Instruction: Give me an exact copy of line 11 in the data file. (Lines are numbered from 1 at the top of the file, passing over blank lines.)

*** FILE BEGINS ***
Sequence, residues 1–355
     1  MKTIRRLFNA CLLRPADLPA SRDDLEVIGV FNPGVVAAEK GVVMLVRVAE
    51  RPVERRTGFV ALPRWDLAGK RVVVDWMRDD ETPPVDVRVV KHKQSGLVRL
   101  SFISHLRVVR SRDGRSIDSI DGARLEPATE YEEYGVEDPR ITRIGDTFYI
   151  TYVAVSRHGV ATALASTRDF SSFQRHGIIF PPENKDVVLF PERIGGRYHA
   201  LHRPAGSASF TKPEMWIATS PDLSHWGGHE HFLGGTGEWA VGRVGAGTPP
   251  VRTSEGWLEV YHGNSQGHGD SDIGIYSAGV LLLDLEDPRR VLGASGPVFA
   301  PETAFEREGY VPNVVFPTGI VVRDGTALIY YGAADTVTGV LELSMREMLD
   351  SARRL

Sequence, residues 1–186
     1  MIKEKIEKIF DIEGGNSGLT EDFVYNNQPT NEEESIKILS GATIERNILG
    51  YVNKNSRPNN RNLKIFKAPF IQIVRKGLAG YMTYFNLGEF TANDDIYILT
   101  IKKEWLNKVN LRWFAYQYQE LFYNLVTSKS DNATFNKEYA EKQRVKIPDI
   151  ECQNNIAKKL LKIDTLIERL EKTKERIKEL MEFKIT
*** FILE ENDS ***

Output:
     1  MIKEKIEKIF DIEGGNSGLT EDFVYNNQPT NEEESIKILS GATIERNILG